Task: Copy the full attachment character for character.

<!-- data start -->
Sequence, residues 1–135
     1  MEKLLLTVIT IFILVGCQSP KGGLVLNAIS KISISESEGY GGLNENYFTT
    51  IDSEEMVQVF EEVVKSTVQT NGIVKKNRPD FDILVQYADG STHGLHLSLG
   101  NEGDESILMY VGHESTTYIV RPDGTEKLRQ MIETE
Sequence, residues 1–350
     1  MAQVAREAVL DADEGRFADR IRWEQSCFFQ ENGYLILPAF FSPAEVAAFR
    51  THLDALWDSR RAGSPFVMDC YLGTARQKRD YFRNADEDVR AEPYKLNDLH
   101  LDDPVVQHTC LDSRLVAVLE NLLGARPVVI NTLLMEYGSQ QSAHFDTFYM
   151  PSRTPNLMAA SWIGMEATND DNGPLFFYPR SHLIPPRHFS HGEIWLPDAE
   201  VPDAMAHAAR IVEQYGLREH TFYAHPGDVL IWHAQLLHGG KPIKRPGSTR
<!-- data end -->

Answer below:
Sequence, residues 1–135
     1  MEKLLLTVIT IFILVGCQSP KGGLVLNAIS KISISESEGY GGLNENYFTT
    51  IDSEEMVQVF EEVVKSTVQT NGIVKKNRPD FDILVQYADG STHGLHLSLG
   101  NEGDESILMY VGHESTTYIV RPDGTEKLRQ MIETE
Sequence, residues 1–350
     1  MAQVAREAVL DADEGRFADR IRWEQSCFFQ ENGYLILPAF FSPAEVAAFR
    51  THLDALWDSR RAGSPFVMDC YLGTARQKRD YFRNADEDVR AEPYKLNDLH
   101  LDDPVVQHTC LDSRLVAVLE NLLGARPVVI NTLLMEYGSQ QSAHFDTFYM
   151  PSRTPNLMAA SWIGMEATND DNGPLFFYPR SHLIPPRHFS HGEIWLPDAE
   201  VPDAMAHAAR IVEQYGLREH TFYAHPGDVL IWHAQLLHGG KPIKRPGSTR